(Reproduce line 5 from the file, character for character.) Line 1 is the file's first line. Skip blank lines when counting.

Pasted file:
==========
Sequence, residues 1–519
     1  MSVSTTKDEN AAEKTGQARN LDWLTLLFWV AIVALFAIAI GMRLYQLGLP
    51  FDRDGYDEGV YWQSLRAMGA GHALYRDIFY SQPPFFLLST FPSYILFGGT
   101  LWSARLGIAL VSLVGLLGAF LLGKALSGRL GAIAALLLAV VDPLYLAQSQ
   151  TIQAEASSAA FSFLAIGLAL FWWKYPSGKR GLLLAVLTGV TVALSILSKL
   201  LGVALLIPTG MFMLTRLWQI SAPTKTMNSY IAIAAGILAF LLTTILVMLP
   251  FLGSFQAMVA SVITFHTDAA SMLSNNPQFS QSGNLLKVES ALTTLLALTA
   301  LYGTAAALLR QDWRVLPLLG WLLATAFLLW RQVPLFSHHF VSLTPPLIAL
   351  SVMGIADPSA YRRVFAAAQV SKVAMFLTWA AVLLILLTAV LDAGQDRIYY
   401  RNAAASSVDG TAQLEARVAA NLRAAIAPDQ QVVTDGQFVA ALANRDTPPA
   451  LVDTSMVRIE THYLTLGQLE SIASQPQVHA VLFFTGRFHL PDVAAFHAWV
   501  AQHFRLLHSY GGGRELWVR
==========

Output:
   151  TIQAEASSAA FSFLAIGLAL FWWKYPSGKR GLLLAVLTGV TVALSILSKL